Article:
14. Kirk S, Armitage MD, Dunn S, Arnold RW. Calibration and validation of the 2WIN photoscreener compared to the PlusoptiX S12 and the SPOT. J Pediatr Ophthalmol Strabismus. 2014;51:289–292. doi:10.3928/01913913-20140701-01 [CrossRef]
  15. Silbert DI, Arnold RW, Matta NS. Comparison of the iScreen and the MTI photoscreeners for the detection of amblyopia risk factors in children. J AAPOS. 2013;17:34–37. doi:10.1016/j.jaapos.2012.09.015 [CrossRef]
  16. Arnold RW, Stange CA, Ryan C. The compared predictive value of Bruckner, acuity and strabismus from pediatric referrals. Am Orthopt J. 2006;56:15–21. doi:10.3368/aoj.56.1.15 [CrossRef]
  17. Salcido AA, Bradley J, Donahue SP. Predictive value of photoscreening and traditional screening of preschool children. J AAPOS. 2005;9:114–120. doi:10.1016/j.jaapos.2003.10.011 [CrossRef]
  18. Donahue SP. The relationship between anisometropia, patient age, and the development of amblyopia. Trans Am Ophthalmol Soc. 2005;103:313–336.
  19. Arnold RW, Gionet E, Jastrzebski A, et al. The Alaska Blind Child Discovery project: rationale, methods and results of 4000 screenings. Alaska Med. 2000;42:58–72.
  20. Donahue SP, Arthur B, Neely DE, Arnold RW, Silbert D, Ruben JB. Guidelines for automated preschool vision screening: a 10-year, evidence-based update. J AAPOS. 2013;17:4–8. doi:10.1016/j.jaapos.2012.09.012 [CrossRef]
  21. Silbert DI, Arnold RW. Do we need to directly detect astigmatism when photoscreening for amblyopia risk factors (ARFs)?J AAPOS. 2015;19:e61. doi:10.1016/j.jaapos.2015.07.196 [CrossRef]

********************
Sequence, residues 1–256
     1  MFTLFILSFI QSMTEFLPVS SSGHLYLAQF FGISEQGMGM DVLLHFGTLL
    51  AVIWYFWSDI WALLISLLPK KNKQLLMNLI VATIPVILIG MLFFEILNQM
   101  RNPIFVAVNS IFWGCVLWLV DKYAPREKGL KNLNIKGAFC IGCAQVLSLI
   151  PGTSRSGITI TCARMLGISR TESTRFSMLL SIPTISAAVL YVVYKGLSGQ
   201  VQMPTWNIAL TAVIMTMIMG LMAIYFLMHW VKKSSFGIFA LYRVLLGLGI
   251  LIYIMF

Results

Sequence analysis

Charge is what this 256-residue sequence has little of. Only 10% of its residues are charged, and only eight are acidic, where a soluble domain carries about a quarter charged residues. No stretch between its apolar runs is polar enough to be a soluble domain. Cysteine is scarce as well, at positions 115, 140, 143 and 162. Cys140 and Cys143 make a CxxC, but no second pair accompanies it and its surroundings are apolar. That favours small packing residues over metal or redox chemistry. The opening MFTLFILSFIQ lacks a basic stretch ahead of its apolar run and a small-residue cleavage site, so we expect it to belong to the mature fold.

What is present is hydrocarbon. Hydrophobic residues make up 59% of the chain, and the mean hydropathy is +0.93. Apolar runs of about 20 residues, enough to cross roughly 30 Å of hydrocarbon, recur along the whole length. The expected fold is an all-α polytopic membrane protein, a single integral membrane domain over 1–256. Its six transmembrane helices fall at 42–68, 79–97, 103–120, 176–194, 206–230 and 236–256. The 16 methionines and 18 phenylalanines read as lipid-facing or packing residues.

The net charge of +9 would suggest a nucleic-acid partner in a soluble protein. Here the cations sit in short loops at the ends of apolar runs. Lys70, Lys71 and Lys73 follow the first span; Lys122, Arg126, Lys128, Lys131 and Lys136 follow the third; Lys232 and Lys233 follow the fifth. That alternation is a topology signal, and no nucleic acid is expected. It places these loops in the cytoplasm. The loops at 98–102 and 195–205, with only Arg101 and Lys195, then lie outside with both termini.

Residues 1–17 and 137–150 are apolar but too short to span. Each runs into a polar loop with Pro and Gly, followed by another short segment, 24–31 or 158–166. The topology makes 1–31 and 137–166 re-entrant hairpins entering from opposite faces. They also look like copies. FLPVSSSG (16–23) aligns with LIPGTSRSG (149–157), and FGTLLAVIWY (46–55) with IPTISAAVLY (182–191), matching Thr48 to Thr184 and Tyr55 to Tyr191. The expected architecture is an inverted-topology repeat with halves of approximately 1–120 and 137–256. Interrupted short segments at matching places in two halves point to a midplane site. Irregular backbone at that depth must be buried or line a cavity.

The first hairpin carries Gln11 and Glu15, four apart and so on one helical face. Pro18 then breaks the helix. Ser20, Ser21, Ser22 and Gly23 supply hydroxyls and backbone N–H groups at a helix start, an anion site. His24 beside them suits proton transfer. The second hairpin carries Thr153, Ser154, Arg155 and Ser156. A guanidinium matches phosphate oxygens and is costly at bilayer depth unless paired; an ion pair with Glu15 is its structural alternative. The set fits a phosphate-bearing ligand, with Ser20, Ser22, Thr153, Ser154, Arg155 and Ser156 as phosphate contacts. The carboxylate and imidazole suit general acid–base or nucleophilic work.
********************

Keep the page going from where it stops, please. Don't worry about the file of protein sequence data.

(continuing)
22. Arnold RW, Tulip D, McArthur E, et al. Predictive value from pediatrician Plusoptix screening: impact of refraction and binocular alignment. Binoc Vis Strabismus Q. 2012;27:227–232.
  23. Rowatt AJ, Donahue SP, Crosby C, Hudson AC, Simon S, Emmons K. Field evaluation of the Welch Allyn SureSight vision screener: incorporating the vision in preschoolers study recommendations. J AAPOS. 2007;11:243–248. doi:10.1016/j.jaapos.2006.09.008 [CrossRef]
  24. Silbert DI, Matta NS, Ely AL. Comparison of SureSight autorefractor and plusoptiX A09 photoscreener for vision screening in rural Honduras. J AAPOS. 2014;18:42–44. doi:10.1016/j.jaapos.2013.09.006 [CrossRef]
  25. Lowry EA, de Alba Campomanes AG. Efficient referral thresholds in autorefraction-based preschool screening. Am J Ophthalmol. 2015;159:1180–1187. doi:10.1016/j.ajo.2015.02.012 [CrossRef]

PPV From Pediatrician Gobiquity Photoscreening Referrals Using AAPOS 2003 and 2013 Age-Based Validation Standards

GuidelineTrueFalsePPV ± 95% CIMonthsAnisometropia (D)Hyperopia (D)Astigmatism (D)Myopia (D)
2003
  All1684977% ± 6%12 to 84> 1.50> 3.50> 1.50a> 3.00
  Myopia191066% ± 17%> 3.00
  Anisometropia461082% ± 10%> 1.50
  Hyperopia601086% ± 8%> 3.50
2013
  Toddlers593563% ± 10%12 to 30> 2.50> 4.50> 2.00> 3.00
  Preschool412166% ± 12%31 to 48> 2.00> 4.00> 2.00> 3.00
  Kindergarten451180% ± 10%> 49> 1.50> 3.50> 1.50> 3.00
  Total1456768% ± 6%12 to 84
Authors

From Alaska Blind Child Discovery, Alaska Children's Eye & Strabismus, Anchorage, Alaska.

Dr. Arnold is a non-paid member of the Medical Advisory Board for Gobiquity and a board member of Glacier Medical Software that markets neonatal intensive care unit cloud-based vision monitoring software, ROP-Check. Mr. Arnold has been a calibration study site coordinator for Gobiquity. The remaining authors have no financial or proprietary interest in the materials presented herein.

Supported by Alaska Blind Child Discovery.

Correspondence: Robert W. Arnold, MD, FAAP, Alaska Children's Eye & Strabismus, 3500 Latouche #280, Anchorage, AK 99508. E-mail: eyedoc@alaska.net

Received: March 20, 2018
Accepted: May 25, 2018
Posted Online: August 29, 2018

10.3928/01913913-20180710-01